The gate opens along the western section of the city’s second wall, just down the road and alongside the church from which it takes its name. At the beginning of the 14th century, the village was one of a number to be included within the growing city of Sulmona through the expansion of the circle of the ancient walls.
It does not appear in the views of the ancient city, but is mentioned in the Ritual Rogation in the Archive of the Cathedral of St. Panfilo. In the past it has also been called Porta Piscitelli and, in the 18th century, Porta Petrella, probably named after the curate of the nearby church, Domenico Petrella who lived nearby.
More infoThe gate, originally built in the 14th century, now exhibits a 17th century style that it is much changed compared to its origins.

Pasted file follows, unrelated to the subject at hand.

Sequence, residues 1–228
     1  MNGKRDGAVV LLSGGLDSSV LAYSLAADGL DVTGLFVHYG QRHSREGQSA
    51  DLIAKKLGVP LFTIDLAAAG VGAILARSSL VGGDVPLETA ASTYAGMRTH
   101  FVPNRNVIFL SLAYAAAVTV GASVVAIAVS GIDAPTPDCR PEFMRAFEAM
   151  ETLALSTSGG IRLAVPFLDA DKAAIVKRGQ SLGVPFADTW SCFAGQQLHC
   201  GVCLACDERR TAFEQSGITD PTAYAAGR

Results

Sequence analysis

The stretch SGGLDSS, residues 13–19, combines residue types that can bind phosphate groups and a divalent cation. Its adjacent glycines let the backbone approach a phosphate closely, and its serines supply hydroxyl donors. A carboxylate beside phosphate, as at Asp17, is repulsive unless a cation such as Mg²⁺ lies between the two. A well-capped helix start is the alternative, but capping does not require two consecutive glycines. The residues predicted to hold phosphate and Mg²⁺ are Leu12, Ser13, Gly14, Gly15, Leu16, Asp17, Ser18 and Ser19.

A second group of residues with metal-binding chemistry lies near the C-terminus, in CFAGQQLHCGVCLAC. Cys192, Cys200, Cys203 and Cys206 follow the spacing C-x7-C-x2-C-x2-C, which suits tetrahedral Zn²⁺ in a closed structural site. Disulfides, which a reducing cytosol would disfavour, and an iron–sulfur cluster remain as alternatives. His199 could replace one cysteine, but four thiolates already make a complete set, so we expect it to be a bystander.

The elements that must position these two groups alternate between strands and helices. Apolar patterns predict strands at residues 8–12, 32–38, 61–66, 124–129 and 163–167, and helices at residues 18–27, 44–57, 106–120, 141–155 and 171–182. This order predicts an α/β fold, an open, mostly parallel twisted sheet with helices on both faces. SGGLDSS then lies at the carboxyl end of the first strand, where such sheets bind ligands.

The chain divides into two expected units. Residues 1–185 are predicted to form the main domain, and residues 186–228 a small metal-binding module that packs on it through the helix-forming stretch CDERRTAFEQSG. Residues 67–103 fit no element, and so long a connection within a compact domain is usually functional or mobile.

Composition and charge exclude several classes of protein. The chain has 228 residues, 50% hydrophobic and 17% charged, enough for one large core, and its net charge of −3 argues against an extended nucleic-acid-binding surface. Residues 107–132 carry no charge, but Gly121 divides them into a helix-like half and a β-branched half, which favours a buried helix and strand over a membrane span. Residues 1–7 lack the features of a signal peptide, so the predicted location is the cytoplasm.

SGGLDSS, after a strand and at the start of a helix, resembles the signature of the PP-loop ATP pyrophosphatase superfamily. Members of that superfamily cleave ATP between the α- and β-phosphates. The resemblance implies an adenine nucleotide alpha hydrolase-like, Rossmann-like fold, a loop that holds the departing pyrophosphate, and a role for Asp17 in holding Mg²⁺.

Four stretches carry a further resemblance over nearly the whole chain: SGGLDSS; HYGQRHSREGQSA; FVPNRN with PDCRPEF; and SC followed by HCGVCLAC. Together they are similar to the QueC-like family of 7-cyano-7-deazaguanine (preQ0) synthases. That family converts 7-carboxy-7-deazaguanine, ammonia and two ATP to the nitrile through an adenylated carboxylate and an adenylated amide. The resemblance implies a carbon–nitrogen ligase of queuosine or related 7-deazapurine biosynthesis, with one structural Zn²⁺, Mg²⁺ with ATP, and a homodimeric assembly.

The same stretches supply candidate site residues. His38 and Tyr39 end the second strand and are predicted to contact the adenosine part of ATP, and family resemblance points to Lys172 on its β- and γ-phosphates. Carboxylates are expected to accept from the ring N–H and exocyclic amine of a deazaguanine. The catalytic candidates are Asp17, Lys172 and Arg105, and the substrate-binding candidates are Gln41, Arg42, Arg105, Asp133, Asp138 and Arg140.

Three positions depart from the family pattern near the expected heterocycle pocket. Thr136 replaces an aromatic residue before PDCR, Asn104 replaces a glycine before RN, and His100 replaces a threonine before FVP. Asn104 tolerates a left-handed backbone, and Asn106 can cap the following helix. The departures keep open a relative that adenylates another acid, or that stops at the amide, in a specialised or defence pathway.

It shows a round arch, filled-in with a lunette which has been frescoed internally with a scene of the Deposition. The work is signed by the Sulmona artist Vincenzo Conti and is dated 1808. These elements emerged during a recent restoration that has enabled us to read the work and precisely define the iconography.
The inclusion of the lunette has transformed the original arched opening into a rectangular shape, consisting of stone block piers ending in support brackets and wooden architrave.
The surface is coated with a layer of plaster which also features on the adjacent building to which the access way was attached. The building which before becoming church property, was used for private, residential purposes, still exists.
The building which probably changed after the earthquake of 1706, still encorporates the barrel vault covered walkway and the entrance leading to the guards’ quaerters above.
On the inside of the door we can still see the supports of the upper and lower hinges of the wooden doors that once closed the city gate.